Effect of sampling strategies on the response curves estimated by plant species distribution models

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Manuele Bazzichetto, Jonathan Lenoir, Daniele Da Re, Enrico Tordoni, Duccio Rocchini, Marco Malavasi, Vojtech Barták, Marta Gaia Sperandii


Species distribution models (SDMs) rely on species presence/absence or abundance data and environmental variables to estimate species response curves. Therefore, the quality (and quantity, i.e., sample size) of the data to describe the species distribution determines the quality of the estimate of the species-environment relationship. However, SDMs are seldom fitted on high-quality data collected strictly for that purpose. Usually, SDMs rely on a collection of opportunistic datasets sampled from previous projects or public repositories with different objectives. Here, we aim at assessing how the sampling strategy capturing the geographic distribution of a species affects the accuracy and precision of its response curves along environmental gradients, as estimated by parametric SDMs. We simulated the occurrence of two virtual plant species across the Abruzzo region (Italy). We assumed that the two virtual plants were similarly affected by precipitation, but one had a wider realised niche for temperature (i.e., higher thermal tolerance), and, as a result, a wider distribution extent. Then, we sampled occurrence data for the two species following five different sampling strategies: random, stratified, systematic, topographic, and uniform (the latter performed within the environmental space). In addition, we simulated a spatially biased sampling design by collecting presence/absence data close to roads. To account for sample size, we also repeated our simulations along a gradient of increasing sampling effort, i.e., number of sampled locations. In total, we ran 500 replicates for each combination of sampling design and effort. For each replicate, we fitted SDMs using binomial generalised linear models and extracted the model coefficients for precipitation and temperature to be compared with the true coefficients from the virtual species’ model. We evaluated the quality of the estimated response curves by computing the following measures: bias (accuracy), variance (precision), and mean squared error (accuracy and precision). Our results suggest that a proper estimate of the species response curve can be obtained when the choice of the sampling strategy is guided by the species’ ecology. In particular, species with wide tolerances to environmental drivers may be better modelled using data uniformly collected within the environmental space, while none of the tested sampling designs seemed to substantially outperform the others for modelling species with a narrow realised niche.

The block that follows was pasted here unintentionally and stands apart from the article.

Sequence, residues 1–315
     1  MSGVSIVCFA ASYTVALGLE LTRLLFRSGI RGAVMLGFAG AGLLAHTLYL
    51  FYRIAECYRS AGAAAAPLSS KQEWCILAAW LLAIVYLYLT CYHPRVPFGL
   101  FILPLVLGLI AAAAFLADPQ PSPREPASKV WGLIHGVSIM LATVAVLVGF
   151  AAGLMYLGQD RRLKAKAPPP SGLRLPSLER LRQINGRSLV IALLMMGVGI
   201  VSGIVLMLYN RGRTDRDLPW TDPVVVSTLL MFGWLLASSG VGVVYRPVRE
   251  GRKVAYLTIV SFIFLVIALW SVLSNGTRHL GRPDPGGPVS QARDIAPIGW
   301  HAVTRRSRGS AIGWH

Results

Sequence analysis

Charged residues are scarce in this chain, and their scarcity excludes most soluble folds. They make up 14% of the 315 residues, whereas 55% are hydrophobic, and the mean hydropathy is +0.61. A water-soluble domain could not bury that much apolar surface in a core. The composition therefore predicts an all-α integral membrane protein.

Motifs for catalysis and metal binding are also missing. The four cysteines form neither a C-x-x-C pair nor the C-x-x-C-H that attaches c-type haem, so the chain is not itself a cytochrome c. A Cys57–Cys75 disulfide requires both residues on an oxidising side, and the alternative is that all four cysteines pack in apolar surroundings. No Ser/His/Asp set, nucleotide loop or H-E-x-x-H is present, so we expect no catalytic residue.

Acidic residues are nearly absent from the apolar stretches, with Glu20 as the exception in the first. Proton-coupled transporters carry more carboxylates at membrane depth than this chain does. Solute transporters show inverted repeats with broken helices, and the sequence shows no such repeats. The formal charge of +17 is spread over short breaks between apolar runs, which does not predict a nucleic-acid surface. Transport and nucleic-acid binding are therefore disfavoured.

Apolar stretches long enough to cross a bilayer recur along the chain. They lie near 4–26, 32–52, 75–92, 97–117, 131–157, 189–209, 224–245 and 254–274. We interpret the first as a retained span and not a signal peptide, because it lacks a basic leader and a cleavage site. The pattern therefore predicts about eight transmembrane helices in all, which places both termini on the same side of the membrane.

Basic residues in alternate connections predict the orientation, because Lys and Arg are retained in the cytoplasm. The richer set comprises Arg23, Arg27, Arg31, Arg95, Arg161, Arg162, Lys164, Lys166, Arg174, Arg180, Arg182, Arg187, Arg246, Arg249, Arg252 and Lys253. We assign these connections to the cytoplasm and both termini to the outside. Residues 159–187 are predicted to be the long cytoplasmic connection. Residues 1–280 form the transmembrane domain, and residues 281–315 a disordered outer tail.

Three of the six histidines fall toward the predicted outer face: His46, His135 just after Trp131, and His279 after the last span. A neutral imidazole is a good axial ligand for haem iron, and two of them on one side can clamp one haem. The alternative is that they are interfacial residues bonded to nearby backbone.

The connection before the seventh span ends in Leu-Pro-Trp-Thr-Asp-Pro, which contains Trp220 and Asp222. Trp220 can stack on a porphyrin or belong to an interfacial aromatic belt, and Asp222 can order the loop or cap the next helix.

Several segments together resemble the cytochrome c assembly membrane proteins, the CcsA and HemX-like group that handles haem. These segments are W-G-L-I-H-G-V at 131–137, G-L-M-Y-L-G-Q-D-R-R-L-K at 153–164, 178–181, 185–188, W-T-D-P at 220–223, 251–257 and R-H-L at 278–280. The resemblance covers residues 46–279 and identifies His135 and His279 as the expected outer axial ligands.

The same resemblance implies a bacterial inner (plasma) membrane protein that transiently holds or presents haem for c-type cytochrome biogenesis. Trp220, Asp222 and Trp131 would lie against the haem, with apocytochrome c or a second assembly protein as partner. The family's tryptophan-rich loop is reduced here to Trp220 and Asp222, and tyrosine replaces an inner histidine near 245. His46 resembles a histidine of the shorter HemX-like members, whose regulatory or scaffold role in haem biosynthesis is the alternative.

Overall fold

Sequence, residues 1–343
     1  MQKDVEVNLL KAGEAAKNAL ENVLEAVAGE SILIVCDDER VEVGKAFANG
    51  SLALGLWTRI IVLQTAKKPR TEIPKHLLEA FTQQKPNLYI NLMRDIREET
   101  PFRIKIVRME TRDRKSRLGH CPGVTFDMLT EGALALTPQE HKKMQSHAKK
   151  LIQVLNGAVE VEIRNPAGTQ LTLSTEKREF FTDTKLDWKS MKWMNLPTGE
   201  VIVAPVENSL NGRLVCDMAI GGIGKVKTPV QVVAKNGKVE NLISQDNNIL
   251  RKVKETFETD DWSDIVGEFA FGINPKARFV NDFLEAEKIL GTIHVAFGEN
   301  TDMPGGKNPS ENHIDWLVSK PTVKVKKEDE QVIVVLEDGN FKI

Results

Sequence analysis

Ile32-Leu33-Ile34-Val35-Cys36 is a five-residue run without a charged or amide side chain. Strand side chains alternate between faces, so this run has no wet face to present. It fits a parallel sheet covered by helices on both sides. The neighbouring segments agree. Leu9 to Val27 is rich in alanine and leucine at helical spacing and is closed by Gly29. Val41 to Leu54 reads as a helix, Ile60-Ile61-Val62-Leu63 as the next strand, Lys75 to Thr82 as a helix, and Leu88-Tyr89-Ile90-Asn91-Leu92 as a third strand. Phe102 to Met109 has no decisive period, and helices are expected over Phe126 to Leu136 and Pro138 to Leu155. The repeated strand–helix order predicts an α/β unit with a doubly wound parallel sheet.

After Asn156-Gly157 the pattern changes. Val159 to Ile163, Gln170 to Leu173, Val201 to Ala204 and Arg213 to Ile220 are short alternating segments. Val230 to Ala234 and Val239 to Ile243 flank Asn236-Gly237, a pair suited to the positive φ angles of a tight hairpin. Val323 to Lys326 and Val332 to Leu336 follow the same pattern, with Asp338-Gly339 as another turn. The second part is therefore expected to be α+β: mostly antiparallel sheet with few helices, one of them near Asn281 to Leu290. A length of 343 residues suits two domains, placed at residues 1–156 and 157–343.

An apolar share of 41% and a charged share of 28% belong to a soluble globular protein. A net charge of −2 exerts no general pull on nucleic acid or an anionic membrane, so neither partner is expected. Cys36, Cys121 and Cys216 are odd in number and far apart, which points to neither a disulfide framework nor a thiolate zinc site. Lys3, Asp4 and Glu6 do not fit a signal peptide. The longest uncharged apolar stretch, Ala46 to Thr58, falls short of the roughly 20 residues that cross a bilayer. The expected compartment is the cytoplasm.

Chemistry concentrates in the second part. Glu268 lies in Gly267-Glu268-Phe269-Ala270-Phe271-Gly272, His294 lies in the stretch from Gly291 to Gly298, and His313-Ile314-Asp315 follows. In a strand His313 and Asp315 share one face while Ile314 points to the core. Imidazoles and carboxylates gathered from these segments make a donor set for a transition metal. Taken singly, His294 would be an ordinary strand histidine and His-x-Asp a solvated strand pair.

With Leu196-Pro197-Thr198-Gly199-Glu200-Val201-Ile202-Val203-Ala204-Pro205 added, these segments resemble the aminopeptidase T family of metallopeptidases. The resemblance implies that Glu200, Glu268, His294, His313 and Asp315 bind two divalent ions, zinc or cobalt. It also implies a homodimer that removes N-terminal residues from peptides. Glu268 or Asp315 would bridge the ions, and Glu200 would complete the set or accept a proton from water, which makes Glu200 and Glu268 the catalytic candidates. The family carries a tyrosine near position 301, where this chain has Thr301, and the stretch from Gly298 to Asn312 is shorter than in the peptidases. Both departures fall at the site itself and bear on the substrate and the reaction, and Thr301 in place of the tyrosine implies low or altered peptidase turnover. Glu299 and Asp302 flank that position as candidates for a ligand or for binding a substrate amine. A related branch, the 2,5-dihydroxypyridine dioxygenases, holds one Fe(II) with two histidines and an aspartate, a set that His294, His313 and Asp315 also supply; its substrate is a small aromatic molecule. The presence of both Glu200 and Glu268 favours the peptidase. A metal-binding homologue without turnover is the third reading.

Biodiversity, Ecology and Evolutionary Biology, Life Sciences, Other Life Sciences, Plant Sciences


Bias, ecological niche breadth, environmental space, mean squared error, sampling bias, Simulation, virtual species


Published: 2022-08-27 20:52

Last Updated: 2022-08-29 06:47

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